OTTAWA — Conservative finance critic Pierre Poilievre says he plans to make life really uncomfortable for the governing Liberals until they finally give in and produce their analysis on how much a carbon price of $50 a tonne is going to cost the average Canadian family.
With the Conservatives feeling emboldened by the electoral win of Doug Ford in Ontario, who campaigned on a promise to get rid of Ontario’s cap and trade system, Poilievre will introduce today a motion demanding the Liberals produce documents on the cost by June 22.
The motion comes after weeks of hammering on the issue by Poilievre and other Conservatives, who were given documents through access-to-information legislation that referenced such an analysis but blacked out the details.
The Liberals are requiring every province to have a price on carbon of $20 per tonne by next year rising to $50 per tonne by 2022. Legislation to establish a federal carbon price that will be imposed on provinces that don’t comply is part of the spring budget implementation bill.
Environment Minister Catherine McKenna has argued the costs to families will change depending on how provinces decide to use revenues from the carbon tax but she hasn’t yet explicitly said how Ottawa will return the revenues to people who live in a province where Ottawa imposes its price.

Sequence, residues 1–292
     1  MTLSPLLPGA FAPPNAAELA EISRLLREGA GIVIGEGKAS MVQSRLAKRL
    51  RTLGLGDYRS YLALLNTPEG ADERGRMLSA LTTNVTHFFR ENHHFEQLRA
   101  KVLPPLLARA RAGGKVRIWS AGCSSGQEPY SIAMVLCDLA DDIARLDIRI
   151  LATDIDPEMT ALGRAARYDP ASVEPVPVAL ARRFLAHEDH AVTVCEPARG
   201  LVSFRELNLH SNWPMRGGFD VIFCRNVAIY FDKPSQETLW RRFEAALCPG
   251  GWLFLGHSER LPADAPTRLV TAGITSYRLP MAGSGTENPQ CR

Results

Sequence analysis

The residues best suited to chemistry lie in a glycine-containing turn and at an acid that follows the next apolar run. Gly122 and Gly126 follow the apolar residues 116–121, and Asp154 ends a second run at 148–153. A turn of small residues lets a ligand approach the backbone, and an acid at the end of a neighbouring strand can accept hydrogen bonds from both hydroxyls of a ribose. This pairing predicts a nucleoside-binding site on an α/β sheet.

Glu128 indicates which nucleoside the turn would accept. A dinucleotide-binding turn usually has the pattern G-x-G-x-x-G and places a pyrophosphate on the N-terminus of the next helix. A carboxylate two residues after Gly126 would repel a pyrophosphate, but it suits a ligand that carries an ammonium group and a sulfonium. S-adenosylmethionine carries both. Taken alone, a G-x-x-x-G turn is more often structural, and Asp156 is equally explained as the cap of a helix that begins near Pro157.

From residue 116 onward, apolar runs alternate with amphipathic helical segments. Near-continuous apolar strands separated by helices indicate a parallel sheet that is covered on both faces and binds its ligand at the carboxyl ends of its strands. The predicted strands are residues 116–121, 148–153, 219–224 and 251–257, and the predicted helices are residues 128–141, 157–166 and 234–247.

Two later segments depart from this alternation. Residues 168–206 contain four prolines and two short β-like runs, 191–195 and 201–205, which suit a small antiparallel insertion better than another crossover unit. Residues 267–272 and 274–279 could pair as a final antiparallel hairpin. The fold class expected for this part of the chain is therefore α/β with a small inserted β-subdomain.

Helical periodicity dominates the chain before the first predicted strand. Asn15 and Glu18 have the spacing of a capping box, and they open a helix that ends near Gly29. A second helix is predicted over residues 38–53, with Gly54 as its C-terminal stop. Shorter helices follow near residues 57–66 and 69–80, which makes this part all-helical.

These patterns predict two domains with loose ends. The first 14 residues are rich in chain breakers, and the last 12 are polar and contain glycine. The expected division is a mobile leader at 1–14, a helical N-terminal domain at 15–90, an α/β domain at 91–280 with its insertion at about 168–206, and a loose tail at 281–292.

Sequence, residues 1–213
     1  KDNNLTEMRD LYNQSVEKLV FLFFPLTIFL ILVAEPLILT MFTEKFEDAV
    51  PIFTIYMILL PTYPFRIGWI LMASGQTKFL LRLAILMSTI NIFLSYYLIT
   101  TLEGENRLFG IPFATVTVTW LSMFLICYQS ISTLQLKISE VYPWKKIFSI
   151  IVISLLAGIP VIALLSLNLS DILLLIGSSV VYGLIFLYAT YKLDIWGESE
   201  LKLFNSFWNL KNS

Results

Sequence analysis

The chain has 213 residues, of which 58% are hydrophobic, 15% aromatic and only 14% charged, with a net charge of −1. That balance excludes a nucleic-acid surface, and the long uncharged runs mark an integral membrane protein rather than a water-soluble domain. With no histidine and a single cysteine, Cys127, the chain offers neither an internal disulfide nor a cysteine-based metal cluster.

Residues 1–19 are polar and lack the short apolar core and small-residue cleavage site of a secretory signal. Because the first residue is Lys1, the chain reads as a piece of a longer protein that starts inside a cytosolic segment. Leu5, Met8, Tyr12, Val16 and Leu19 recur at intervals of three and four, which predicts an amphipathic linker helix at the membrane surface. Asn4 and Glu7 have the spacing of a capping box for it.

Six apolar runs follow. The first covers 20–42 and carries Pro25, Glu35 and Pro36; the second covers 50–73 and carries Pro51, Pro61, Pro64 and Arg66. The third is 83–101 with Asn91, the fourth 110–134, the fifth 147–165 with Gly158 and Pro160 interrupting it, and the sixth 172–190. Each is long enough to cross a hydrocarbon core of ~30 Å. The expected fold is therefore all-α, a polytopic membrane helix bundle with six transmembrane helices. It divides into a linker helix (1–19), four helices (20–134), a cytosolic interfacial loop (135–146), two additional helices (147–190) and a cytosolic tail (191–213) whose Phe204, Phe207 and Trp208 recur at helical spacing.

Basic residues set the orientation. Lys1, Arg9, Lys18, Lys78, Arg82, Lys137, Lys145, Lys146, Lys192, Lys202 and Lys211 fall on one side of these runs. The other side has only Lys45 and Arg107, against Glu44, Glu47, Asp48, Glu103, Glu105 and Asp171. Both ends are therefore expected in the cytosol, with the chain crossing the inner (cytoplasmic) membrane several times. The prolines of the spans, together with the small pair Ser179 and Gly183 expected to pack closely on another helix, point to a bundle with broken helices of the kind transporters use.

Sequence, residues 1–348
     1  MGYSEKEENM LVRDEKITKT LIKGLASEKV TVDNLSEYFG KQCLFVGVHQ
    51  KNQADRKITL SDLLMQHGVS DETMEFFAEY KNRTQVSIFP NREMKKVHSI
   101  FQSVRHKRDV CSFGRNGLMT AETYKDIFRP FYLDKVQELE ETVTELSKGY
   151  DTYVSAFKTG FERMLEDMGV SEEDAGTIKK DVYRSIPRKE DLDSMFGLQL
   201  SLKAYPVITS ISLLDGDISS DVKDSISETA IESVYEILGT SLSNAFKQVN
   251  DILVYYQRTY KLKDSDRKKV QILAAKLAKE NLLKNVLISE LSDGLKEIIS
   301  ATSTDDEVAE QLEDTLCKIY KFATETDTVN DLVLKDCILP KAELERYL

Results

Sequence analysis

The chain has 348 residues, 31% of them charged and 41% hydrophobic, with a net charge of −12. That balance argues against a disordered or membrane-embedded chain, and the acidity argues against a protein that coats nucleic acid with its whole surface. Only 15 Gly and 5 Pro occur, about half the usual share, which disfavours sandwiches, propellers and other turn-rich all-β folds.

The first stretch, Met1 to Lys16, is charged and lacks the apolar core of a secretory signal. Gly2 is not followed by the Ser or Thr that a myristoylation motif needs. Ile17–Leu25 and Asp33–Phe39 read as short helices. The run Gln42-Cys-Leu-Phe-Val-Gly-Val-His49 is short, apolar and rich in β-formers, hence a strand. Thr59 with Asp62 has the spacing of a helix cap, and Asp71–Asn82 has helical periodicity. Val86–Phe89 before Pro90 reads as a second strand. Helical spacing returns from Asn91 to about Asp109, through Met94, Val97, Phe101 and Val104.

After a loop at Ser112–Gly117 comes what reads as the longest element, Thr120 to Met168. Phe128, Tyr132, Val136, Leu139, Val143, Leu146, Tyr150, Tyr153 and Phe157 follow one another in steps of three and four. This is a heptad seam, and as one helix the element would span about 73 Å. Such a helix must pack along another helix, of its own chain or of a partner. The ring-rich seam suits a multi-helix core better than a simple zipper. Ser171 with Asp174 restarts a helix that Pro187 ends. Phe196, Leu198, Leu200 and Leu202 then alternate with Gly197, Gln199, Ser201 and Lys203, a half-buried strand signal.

The Conservatives say the people of Ontario rejected the idea of a carbon tax when they elected Ford last week, although the Liberals counter that a majority of Ontarians actually voted for one of the two parties that support carbon pricing.
Poilievre says if the Liberals believe their carbon price policy is legitimate they should show the costs and defend them.
And he says they can vote for his motion without backing away from their policy.
Mia Rabson, The Canadian Press
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